Bonus Features: Home of the Brave (1986)

Our current Movie of the Month, the 1986 concert film Home of the Brave, is only a small glimpse into the profoundly peculiar mind of performance artist & avant-garde musician Laurie Anderson. Home of the Brave is a streamlined, 90min distillation of Anderson’s United States I-IV stage show: a four-part, two-night concert series in the early 1980s that combined lectures, digital projections, absurdist dance, and bizarre new wave compositions to abstract & deconstruct the nature of modern living in the Western world (and America in particular, as the title suggests). It’s a sprawling “Who are we?” existential crisis for The Reagan Era, abstracting basic modern concepts as varied as America’s national identity, the nature of rock music, the absurdism of gender performance & 80s workout routines, basic human interactions, technology, language, etc. Even as only a small portion of that magnum opus, Home of the Brave clearly registers to my eyes & ears as one of the greatest concert films of all time, a wonderful introduction to Anderson’s consistently exciting & confounding genius.

While there is only one wonderful mind like Laurie Anderson’s, she’s not the only philosophically minded musician who’s used filmmaking to document & bolster her art. Here are a few recommended titles if you loved our Movie of the Month and want to see more pop music cinema on its profoundly peculiar wavelength.

American Utopia (2020)

Full disclosure: the only reason I recently sought out Home of the Brave in the first place is because last year’s David Byrne concert film American Utopia reminded me so much of Anderson’s work in United States I-IV. In American Utopia, Byrne’s parade of solo & Talking Heads hits are bookended by short lectures that examine the function & the soul of American culture from an abstracted outsider perspective – a kind of spiritual sequel to his Small-Town America portrait True Stories. American Utopia is an honest but optimistic temperature check of where America is today, both acknowledging the horrors of racially motivated police brutality that have long been a stain on this country’s honor and pointing to our current moment of change as a possibly transformative turning point towards a better future. Meanwhile, everything onstage is rigidly uniformed & regimented like a dystopian sci-fi film, with the traditional rock performers’ instruments & colorful costuming stripped away to mimic the minimalism of modern performance art. Like Home of the Brave, it’s the kind of existential national identity crisis that you can dance to.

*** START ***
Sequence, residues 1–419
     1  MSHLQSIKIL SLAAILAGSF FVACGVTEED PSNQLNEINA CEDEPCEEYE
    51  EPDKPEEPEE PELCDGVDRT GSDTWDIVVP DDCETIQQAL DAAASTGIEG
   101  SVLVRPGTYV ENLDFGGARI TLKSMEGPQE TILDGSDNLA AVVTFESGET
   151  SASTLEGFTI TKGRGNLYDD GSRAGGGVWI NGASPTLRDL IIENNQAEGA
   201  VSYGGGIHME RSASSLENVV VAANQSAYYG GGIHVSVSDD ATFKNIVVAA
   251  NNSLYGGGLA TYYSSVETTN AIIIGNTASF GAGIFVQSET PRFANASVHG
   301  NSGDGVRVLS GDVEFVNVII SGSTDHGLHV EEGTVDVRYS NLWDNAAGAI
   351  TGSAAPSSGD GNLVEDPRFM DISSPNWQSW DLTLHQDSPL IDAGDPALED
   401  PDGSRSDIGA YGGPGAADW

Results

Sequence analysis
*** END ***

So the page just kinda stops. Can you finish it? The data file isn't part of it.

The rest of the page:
To be honest, I do have a small chip on my shoulder about how much praise is heaped on Byrne’s American Utopia & Stop Making Sense films while Home of the Brave never even made the jump from VHS & Laserdisc to DVD, much less Blu-ray. Although she’s less of a household name elsewhere, Laurie Anderson was very much an equal & contemporary alongside David Byrne in NYC art snob circles in the early 1980s. Stop Making Sense might have preceded the concert film version of her United States act by a few years, but she was already pushing its more out-there ideas to their furthest extreme in her own stage work at that same time. If anything, American Utopia finds Byrne leaning further into the Laurie Andrersonisms of his own work, to the point where it feels like it’s turning Home of the Brave‘s idiosyncrasies into a concert film subgenre all of its own. Both films are great, but only one is being left to rot in the wasteland of fuzzy YouTube uploads.

Björk: Biophilia Live (2014)

While David Byrne collaborated with the distinctly American auteur Spike Lee on his own pop-lecture concert film, Björk outsourced the filmmaking duties on her 2014 concert piece Biophilia Live to two eccentric Brits. Unrepentant fetishist (and one of my favorite living filmmakers) Peter Strickland handled the direction of the film, while famed naturalist David Attenborough contributed the lecture portions of the performance (and expanded on its ideas in a bonus feature titled When Björk Met Attenborough). Biophilia Live beings with Attenborough making wild, unrealistic declarations over breathtaking nature footage, urging the audience to “Forget the size of the human body. Remember that you are a gateway between the universal and the microscopic, the unseen forces that stir the depths of your innermost being and Nature, who embraces you and all there is.” He goes on to claim that “We are on the brink of a revolution that will reunite humans with nature through new technological innovation.” That abstract, philosophical subject is a Laurie Anderson-scale ambition for a mere concert film. Björk nearly delivers on that majestic promise too, finding a unique visual language that combines “nature, music, and technology” into one cohesive whole.